November 2, 2018 Read More →

IRENA: Southeast Asia a prime market for renewable energy growth

Reuters:

Southeast Asia is a potential hotspot for renewable energy, yet the region has not met expectations because it lacks policy frameworks that would encourage investment, the International Renewable Energy Agency (IRENA) told Reuters.

Renewables across the world have typically been boosted by policies like price subsidies and guaranteed grid takeoff. In Southeast Asia, though, barring some exceptions such as in Thailand, support for renewables has been smaller, and the region lags far behind others in renewable output despite its potential, especially for solar, geothermal and wind power.

Global renewable capacity, excluding hydro, has soared from under 100,000 megawatts (MW) in 2000 to more than 1 million MW in 2017, according to IRENA data. Only a tiny portion of that has come in Southeast Asia.

Now, there are also efforts underway in Southeast Asia: The Association of Southeast Asian Nations (ASEAN) plans to generate 23 percent of its primary energy needs from renewables by 2025, up from just over 10 percent now. To help achieve that, ASEAN and IRENA signed an agreement this week to boost renewable investment and deployment.

“I think the adoption of the 23 percent target is a very good step, but that needs to be translated now into policy actions,” said [IRENA’s director general Adnan] Amin. “Over the next decade, a total of $290 billion will have to be invested for Southeast Asia to reach its targets, a ten-fold increase on the annual investments we’re seeing today,” Amin said, speaking to Reuters while attending Singapore’s International Energy Week (SIEW).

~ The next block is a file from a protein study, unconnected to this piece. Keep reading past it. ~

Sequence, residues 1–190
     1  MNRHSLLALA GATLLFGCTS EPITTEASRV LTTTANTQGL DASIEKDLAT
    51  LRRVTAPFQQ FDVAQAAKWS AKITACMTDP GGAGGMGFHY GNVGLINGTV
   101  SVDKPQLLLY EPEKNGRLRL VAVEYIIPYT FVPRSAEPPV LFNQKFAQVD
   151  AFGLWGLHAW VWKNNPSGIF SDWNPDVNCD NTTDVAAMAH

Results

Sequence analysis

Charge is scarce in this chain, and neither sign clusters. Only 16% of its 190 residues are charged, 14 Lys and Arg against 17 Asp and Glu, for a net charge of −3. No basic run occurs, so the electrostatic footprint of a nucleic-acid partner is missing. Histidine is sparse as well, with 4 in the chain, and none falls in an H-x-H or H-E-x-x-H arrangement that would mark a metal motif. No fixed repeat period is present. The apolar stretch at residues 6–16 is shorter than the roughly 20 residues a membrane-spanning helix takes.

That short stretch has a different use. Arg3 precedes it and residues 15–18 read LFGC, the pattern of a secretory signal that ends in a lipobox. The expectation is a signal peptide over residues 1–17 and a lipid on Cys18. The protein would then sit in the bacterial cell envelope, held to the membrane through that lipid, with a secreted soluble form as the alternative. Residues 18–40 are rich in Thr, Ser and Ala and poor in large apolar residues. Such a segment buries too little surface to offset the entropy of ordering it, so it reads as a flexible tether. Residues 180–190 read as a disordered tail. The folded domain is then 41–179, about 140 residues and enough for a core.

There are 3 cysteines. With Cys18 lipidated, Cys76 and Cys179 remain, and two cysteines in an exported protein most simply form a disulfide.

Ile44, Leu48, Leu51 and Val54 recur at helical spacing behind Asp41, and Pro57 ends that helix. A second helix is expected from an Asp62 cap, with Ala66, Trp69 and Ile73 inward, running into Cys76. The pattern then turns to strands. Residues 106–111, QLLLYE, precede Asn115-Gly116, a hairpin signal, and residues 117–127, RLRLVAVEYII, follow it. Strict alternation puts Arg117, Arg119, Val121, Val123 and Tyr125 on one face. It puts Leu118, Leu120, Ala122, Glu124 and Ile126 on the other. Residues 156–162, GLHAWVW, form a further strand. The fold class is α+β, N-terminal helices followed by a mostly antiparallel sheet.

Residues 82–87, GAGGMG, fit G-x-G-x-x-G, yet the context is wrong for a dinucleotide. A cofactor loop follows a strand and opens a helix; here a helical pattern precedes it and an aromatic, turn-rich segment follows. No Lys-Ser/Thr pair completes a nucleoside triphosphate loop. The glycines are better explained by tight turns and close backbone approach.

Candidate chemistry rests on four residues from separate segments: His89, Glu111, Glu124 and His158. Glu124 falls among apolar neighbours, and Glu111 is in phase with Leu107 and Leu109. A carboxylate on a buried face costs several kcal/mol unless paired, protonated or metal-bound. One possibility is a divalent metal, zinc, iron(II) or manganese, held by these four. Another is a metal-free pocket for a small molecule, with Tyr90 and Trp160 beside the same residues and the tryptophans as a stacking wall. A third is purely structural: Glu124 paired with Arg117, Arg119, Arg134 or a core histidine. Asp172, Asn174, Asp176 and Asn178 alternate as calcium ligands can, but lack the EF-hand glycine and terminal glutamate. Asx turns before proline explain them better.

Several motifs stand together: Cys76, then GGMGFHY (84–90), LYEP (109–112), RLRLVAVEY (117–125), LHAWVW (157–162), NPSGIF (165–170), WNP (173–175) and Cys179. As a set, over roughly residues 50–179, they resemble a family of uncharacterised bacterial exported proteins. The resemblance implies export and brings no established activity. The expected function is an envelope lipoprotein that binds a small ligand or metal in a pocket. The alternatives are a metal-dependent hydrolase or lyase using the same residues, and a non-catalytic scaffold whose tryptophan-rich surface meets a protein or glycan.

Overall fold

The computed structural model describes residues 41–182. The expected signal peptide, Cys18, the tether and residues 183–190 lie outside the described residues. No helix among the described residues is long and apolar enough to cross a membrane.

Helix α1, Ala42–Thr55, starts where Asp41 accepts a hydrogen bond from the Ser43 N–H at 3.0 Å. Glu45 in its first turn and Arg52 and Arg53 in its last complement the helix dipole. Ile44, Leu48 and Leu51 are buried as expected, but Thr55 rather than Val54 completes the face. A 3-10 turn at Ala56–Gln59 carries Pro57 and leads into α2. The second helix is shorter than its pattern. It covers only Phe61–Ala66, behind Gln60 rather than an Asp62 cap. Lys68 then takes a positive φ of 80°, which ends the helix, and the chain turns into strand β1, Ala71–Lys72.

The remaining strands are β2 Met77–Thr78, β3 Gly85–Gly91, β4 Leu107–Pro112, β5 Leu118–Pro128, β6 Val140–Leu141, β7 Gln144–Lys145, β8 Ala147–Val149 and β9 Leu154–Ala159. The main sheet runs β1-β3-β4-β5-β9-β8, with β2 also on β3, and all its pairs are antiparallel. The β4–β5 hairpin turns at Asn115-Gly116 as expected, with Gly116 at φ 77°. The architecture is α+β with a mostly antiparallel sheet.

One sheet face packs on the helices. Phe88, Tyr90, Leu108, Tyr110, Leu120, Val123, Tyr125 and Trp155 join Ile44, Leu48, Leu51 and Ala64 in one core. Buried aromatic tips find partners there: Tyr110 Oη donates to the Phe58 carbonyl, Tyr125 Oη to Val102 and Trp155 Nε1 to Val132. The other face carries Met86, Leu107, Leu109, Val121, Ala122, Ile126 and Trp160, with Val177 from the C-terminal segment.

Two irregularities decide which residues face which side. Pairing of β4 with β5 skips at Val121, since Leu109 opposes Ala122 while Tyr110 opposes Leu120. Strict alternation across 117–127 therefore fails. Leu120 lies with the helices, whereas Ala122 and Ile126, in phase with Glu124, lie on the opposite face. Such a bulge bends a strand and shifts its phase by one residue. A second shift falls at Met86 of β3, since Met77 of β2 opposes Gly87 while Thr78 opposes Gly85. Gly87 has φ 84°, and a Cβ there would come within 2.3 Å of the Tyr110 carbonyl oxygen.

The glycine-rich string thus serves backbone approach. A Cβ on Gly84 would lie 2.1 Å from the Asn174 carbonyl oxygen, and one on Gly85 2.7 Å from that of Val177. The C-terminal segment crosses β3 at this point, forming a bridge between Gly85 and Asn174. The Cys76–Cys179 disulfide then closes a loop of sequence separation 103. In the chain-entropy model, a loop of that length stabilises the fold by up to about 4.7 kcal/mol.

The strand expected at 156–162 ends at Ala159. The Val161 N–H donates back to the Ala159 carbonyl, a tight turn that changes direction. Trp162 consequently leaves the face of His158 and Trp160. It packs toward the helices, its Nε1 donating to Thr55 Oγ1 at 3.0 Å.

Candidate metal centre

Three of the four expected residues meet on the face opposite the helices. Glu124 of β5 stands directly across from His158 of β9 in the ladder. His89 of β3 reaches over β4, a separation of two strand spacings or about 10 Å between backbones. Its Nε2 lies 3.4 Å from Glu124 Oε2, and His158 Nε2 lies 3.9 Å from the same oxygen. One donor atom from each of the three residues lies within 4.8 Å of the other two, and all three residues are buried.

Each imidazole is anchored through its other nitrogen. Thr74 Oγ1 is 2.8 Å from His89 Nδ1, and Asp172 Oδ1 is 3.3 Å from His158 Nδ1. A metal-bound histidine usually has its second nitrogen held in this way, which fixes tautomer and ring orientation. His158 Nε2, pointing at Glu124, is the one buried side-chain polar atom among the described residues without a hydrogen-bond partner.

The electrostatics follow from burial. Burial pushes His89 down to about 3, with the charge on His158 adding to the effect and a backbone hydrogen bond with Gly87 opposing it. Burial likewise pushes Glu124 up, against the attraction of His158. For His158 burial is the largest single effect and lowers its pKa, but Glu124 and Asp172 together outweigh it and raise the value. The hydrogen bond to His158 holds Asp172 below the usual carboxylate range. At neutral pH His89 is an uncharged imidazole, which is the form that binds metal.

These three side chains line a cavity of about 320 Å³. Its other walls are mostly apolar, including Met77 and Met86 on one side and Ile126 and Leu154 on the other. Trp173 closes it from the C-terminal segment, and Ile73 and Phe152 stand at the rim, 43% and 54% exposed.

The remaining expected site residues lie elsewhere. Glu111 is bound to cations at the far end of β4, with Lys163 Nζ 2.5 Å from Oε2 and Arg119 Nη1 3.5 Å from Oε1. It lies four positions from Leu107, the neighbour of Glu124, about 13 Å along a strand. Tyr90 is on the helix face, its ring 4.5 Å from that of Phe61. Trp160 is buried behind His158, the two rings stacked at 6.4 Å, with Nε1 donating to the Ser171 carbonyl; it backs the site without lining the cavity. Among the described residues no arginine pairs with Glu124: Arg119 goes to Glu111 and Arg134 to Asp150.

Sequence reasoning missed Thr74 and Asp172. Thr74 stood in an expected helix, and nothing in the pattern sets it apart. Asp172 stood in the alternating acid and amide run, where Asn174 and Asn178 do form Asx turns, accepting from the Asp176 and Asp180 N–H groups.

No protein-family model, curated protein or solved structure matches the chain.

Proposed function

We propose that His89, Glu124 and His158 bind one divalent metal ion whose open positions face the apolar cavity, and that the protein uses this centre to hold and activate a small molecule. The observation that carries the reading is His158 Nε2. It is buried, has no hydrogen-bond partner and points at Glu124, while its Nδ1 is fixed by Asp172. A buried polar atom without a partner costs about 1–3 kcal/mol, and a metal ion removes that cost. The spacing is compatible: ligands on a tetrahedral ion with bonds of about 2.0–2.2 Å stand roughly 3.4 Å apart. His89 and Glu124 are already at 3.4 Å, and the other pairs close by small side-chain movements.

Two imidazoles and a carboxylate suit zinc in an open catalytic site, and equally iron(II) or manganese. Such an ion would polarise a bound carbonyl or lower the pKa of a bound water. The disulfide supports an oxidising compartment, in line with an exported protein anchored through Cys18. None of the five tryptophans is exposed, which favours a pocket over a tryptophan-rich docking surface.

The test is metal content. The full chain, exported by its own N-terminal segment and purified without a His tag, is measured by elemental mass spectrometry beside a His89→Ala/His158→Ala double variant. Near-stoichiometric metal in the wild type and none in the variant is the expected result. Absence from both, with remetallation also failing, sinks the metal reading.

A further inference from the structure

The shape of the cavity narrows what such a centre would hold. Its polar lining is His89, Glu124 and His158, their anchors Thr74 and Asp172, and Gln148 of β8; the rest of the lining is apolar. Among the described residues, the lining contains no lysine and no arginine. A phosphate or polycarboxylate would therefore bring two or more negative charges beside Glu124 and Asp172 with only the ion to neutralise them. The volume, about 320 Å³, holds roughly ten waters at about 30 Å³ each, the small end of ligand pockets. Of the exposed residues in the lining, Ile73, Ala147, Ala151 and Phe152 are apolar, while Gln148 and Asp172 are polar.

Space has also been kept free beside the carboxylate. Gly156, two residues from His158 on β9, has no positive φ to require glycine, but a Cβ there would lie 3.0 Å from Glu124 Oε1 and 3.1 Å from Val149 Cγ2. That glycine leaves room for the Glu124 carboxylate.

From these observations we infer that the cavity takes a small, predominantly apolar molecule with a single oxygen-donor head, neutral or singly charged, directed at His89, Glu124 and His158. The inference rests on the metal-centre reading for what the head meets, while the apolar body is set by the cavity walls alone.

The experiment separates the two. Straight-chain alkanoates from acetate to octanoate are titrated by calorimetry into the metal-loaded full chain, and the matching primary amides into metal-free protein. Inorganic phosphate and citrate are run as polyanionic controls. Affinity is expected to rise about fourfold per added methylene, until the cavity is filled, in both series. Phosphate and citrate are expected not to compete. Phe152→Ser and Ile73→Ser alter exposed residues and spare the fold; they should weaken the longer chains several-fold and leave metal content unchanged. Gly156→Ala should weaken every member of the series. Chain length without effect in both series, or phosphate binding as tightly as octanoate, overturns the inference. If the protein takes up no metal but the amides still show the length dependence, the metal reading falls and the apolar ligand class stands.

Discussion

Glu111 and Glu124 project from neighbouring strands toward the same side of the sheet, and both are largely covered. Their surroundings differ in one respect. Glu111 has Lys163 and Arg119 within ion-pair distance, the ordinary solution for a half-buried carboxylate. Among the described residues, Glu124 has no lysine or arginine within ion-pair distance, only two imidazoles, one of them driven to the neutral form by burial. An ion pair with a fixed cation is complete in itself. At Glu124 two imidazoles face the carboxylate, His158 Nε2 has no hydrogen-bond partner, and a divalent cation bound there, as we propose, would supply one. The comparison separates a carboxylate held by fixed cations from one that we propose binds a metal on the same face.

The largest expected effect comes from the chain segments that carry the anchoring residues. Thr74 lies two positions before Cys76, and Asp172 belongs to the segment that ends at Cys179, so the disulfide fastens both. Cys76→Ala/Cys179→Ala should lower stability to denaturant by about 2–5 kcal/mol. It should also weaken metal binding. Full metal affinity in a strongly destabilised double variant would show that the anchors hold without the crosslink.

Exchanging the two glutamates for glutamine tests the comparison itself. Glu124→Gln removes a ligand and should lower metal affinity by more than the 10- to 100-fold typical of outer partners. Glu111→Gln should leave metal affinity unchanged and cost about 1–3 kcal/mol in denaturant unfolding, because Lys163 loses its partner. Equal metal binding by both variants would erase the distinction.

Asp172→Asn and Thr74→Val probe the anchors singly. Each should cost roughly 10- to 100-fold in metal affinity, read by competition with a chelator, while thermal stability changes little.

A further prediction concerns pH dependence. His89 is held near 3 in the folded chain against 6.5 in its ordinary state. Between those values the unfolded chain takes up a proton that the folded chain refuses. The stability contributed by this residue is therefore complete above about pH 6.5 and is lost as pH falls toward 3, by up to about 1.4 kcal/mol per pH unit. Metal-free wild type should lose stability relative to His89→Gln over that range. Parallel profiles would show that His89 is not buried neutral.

Amin said renewable investment, including in Southeast Asia, would receive a boost from “dramatic reductions in the cost of renewables.” Solar panel prices have crashed to under 50 cents per watt of electricity, from around $70 per watt in 1980 as technology and manufacturing efficiency have improved. At the same time, Amin said capital markets were starting to price carbon risks, raising the cost of fossil fuels. “Financial institutions have started to bail out from financing coal, so, cost of investments in coal will rise while cost of investments in renewables are decreasing,” Amin said.

More: Southeast Asia’s renewables held back by policy inaction: IRENA

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